In our patience with finances, the electric company, and many end of summer activities, I’ve grown quite restless. When others ask how the house is coming along, my response is always “slowly, but surely.” However, Faith and I have been very blessed recently with her new job. We’re now making twice as much as we used to and we’ve been able to kick things in gear again.

Good thing, too, because building supplies are impossibly expensive anymore. Electrical work is no exception when it comes to draining your bank account.

The power company finally hooked up service on the house about a month ago and I was wiring up the basement within a couple of days. I find electrical work quite pleasing work. Despite my love for an unplugged lifestyle, electrical work is instantaneous gratification. You hook up some wire and all of the sudden, there is light. And with my father-in-law being an electrician, I have the added comfort of knowing what I’m doing is guided professionally.

The basement received two outlets and two lights. Since it will be not much more than a root cellar, I didn’t give it too much attention.


The overall service is 200 amps and I purchased a box with enough space to accommodate the addition for the house in the future.

IMG_0527Just about everything is wired into the box in that picture other than the water heater, which I do not have yet. (Another $500)

I’ve heard from many different tiny home projects that building a tiny house is very similar to building a regular sized home in price because you still have certain necessities that will cost lots of money despite the size of your home. I now know what they mean. I spend much less money on lumber and other bulk goods, but there are certain amenities that cost no matter what. If you plan to live in comfort and with low maintenance, you will spend thousands and thousands, regardless of the size.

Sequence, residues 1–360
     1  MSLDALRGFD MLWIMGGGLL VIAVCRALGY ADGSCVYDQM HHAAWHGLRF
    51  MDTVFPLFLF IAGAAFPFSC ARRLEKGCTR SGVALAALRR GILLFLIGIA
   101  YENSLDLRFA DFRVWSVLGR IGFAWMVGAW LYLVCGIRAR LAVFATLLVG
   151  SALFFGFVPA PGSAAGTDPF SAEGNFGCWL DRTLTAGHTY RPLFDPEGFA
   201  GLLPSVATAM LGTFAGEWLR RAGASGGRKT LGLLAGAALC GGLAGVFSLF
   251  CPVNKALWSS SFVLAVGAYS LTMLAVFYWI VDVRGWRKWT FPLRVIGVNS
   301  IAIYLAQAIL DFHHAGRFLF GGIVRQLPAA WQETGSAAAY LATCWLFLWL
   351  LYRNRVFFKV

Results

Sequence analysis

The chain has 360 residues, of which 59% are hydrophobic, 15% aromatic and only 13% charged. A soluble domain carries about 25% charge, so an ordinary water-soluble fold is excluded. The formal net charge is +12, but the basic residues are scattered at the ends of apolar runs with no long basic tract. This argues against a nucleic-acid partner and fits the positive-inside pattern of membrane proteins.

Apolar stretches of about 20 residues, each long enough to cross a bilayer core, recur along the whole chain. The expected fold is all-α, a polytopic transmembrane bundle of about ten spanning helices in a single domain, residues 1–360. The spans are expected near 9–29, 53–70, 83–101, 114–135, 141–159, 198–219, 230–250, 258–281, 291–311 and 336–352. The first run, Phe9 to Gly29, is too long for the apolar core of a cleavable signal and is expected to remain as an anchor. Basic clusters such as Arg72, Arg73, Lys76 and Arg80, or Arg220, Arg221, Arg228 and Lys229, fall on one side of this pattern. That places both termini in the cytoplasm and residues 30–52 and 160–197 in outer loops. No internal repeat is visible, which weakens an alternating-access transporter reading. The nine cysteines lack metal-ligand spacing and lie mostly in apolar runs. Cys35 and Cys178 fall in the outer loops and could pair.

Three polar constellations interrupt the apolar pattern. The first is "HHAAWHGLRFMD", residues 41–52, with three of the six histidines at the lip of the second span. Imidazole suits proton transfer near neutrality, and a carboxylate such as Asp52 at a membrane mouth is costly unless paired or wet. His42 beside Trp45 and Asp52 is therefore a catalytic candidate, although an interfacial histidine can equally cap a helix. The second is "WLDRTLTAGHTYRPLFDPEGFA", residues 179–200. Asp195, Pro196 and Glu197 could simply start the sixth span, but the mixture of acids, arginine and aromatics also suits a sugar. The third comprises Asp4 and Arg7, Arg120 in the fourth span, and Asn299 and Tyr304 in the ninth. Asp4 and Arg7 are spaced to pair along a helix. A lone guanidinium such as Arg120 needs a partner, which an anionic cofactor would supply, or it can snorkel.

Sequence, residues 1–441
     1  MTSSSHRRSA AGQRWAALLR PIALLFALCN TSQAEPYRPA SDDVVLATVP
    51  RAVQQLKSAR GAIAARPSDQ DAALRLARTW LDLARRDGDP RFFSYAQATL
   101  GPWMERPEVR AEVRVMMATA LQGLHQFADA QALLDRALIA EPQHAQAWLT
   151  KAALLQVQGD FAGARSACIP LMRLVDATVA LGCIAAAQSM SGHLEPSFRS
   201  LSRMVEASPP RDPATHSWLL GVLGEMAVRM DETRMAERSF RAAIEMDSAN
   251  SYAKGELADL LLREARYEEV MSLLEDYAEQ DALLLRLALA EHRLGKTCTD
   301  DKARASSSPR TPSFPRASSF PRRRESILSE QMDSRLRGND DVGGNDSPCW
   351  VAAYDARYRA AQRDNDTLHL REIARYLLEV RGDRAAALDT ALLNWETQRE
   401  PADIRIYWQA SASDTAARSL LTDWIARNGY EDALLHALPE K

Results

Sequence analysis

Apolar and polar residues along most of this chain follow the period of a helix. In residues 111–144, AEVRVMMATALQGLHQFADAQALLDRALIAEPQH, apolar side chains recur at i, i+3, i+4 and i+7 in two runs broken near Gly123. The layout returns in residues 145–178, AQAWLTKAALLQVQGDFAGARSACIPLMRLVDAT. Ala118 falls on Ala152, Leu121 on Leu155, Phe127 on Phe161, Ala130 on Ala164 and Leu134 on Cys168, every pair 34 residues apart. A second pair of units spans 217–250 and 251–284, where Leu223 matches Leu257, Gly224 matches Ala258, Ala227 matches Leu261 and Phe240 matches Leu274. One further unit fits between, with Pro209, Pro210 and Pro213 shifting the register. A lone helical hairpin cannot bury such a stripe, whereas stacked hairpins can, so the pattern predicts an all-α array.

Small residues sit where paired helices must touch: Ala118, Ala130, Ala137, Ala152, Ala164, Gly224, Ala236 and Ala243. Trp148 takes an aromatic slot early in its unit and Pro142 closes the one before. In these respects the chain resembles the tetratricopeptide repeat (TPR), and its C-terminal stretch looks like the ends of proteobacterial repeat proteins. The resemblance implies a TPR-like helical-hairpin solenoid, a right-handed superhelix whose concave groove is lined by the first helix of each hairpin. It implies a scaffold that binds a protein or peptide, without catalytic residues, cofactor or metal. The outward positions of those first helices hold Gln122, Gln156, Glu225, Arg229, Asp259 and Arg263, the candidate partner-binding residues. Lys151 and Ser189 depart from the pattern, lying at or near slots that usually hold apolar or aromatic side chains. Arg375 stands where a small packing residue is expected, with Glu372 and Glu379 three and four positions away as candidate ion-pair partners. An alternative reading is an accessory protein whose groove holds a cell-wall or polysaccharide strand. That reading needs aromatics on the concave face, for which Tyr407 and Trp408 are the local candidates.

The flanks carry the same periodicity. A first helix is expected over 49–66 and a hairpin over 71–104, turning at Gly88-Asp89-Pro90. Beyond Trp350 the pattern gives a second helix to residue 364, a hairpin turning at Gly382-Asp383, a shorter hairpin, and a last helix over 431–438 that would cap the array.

The wiring upstairs was rather extensive. In our current home, it’s amazing how many things have been thrown on to single circuits. Knowing what I know now, it’s essential to make sure you don’t overload your circuits. And while I could read lots of material on circuit loading, it’s been much easier to have my father-in-law tell me what can and can’t go somewhere.

The main barrier we had in wiring was making it around my behemoth timbers. I came to the conclusion quickly that there was no way around them. So we went through them.

IMG_0533This part of the project was a great pain, but it makes a nice job now that it’s finished. We had to use a right angle drill and come from both sides slowly until it met in the middle. In retrospect, I would have bored these holes while I was cutting the timbers.

All in all, there’s not much else to say about the wiring. I added a fan in the bathroom vented to the outside to deal with humidity, but even that was fairly straightforward. I’ll let the pictures do the talking.

IMG_0522The bath fan vents directly to the outside wall. It seemed to be fairly quiet when I fired it up.


IMG_0521The electric stove outlet required a 6-3 wire to a 50 amp double pole breaker.

IMG_0519These lights will eventually be single head track lighting that angles towards to rafters to light up the ceiling.

IMG_0518The two switches on the right are for the interior track lights and the one on the left is for the outside lights.




Aside from electrical, I’ve finished the aluminum fascia cover and installed plywood underlayment to prepare for our finished flooring.




This place feels more like home everyday.


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